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Rotten Eggs Taint U.S. Trade Relations

Rotten Eggs Taint U.S. Trade
Thursday, August 26, 2010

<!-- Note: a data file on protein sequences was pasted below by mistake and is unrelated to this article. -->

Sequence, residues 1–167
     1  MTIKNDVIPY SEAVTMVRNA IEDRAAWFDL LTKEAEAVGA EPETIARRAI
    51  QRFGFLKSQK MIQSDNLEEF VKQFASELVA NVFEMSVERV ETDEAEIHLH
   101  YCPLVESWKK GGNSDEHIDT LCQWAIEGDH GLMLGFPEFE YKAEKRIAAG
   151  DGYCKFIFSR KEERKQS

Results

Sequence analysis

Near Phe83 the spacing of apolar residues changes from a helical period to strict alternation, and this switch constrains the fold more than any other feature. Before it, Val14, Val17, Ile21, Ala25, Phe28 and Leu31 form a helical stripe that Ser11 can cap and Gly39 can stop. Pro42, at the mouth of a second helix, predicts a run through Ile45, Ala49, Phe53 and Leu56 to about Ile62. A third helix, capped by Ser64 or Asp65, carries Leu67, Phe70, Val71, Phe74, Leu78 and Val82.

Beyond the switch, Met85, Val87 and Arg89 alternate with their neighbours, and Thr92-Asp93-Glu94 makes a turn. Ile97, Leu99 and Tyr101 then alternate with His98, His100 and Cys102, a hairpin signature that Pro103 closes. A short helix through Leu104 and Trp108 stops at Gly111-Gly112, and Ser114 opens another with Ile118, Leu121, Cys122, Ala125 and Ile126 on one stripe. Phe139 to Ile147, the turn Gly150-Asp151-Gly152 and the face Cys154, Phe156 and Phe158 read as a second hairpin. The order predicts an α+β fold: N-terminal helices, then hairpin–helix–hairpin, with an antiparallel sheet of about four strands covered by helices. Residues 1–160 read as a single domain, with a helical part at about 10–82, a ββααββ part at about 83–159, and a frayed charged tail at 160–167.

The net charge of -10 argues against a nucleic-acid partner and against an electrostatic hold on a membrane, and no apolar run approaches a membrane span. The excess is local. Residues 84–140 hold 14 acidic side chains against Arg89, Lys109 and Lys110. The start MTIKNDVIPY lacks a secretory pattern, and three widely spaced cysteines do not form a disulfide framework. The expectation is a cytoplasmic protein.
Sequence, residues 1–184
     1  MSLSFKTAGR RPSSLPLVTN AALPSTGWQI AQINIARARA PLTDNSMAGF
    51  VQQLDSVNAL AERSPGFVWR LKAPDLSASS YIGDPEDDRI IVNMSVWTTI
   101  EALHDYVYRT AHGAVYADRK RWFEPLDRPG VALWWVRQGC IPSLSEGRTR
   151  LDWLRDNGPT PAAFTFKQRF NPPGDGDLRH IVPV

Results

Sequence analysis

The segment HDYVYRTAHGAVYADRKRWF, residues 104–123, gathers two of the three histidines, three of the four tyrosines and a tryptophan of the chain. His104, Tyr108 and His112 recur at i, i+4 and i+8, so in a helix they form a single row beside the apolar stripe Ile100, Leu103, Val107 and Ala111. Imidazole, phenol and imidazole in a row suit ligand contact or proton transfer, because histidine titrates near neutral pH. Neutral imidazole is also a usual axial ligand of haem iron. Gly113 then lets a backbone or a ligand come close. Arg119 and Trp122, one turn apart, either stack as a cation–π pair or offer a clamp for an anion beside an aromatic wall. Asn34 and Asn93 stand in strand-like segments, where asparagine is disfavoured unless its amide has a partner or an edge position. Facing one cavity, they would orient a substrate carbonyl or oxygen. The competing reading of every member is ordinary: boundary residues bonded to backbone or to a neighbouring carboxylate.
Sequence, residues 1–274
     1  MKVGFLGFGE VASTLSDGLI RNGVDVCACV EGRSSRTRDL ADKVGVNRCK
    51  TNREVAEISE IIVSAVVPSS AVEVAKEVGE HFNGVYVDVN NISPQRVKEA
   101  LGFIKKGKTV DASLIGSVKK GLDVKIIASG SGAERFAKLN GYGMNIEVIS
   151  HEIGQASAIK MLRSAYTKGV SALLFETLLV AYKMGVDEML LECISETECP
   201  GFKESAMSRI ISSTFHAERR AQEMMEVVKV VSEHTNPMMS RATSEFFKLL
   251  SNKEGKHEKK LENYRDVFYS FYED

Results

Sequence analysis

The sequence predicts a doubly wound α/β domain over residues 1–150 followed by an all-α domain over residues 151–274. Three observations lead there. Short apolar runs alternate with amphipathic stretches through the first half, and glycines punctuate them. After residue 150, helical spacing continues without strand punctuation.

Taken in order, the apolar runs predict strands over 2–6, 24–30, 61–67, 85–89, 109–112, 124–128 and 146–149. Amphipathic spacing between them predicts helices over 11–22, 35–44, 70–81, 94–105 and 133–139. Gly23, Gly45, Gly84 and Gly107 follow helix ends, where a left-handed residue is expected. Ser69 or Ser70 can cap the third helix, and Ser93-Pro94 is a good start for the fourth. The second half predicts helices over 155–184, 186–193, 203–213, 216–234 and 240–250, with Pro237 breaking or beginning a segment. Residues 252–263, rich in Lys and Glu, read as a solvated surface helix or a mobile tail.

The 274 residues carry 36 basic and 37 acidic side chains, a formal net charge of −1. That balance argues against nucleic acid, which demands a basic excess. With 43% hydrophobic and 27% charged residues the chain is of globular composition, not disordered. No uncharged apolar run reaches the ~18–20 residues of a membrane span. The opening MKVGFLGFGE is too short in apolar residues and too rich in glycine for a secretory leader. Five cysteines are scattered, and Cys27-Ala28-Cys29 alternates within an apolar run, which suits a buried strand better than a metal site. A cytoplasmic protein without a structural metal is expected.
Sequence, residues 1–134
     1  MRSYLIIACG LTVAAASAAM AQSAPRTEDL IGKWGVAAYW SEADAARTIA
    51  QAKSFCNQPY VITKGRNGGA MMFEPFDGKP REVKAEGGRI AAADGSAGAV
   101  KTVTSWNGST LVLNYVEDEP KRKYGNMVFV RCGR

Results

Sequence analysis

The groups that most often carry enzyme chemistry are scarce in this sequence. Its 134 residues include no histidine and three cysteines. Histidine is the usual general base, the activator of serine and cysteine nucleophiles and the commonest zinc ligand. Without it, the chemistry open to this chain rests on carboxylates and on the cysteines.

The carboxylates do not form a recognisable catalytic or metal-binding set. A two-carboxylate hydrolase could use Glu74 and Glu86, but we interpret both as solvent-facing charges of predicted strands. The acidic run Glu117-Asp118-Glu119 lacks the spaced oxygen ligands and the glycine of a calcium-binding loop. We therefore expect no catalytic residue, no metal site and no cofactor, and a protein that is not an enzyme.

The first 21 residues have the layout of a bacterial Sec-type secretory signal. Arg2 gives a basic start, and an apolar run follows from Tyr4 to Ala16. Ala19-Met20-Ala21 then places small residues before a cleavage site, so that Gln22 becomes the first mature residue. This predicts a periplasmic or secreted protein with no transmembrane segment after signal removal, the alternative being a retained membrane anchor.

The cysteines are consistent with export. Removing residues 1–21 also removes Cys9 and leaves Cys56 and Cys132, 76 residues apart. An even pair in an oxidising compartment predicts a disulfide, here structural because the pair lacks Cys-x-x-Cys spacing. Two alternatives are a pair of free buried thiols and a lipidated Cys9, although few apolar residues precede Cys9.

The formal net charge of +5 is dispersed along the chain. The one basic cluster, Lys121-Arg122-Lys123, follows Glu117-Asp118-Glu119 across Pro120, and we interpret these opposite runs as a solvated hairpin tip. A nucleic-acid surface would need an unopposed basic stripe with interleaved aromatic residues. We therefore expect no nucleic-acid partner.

A Russian consumer protection organization has announced that it may seek to ban poultry imports from the United States, in light of the recent salmonella outbreak from U.S. eggs. The outbreak sickened more than 1,300 people even before the recent nationwide recall, and more are likely to be affected. Or, to put it more accurately, Russia may seek to reinstate earlier sanctions on imported poultry. Since January of this year, Russia has banned poultry imports from over 80 U.S. processing plants, after Russia joined the European Union in prohibiting the use of chlorine as an anti-microbial treatment in poultry production. Russian officials agreed to partially lift the ban on the majority of poultry processors after negotiations with U.S. officials only weeks before the salmonella outbreak. So not only have lax regulations on the food industry sickened American citizens (again and again and again), but they are now to blame for lost corporate profit and decreased power in international trade. Which of those conditions is more important to you probably depends on your relation to the food industry’s profits, but neither of them are good, to say the least. The American food industry has become the corporate equivalent of a drug peddler on the street corner. It continues to push terrible, physically harmful products purely for the sake of profit, without any regard for the damage they cause. It’s embarrassing. And it’s sickening—literally. Instead of arguing with the Russian government and food safety experts about allowing in tainted product, purely in the name of protecting corporate profits (chicken retailers recently reported a slight dip in profits—as if skimming a measly few million from their normally astronomical profit margin is really going to hurt them) perhaps we should be following Russia’s lead. Why not toughen regulations on an industry which is making U.S. citizens sick? There is public outcry when tainted products are imported into the U.S.—recall the scandals of melamine-laced pet food and children’s toys imported from China—but when it’s our own industry, and our own profit margin, we just empty the refrigerator and head back to the store? It could be that our politicians are placated by the hundreds of thousands of dollars’ worth of lobbying efforts by some in the food industry, not to mention the billions more that corporations spend on advertising to us everyday consumers. Perhaps the problem is not one of recklessness, but rather ignorance. How many Americans can honestly say they know where their food comes from? How many actually care? If most Americans knew that their chicken has to be disinfected with chlorine before it’s deemed suitable for them to eat, would they continue eating it? I find it incredibly disturbing that a country on the other side of the globe is more knowledgeable about food processing methods inside our borders than our own citizens. And until that changes, our trade and our health will suffer.

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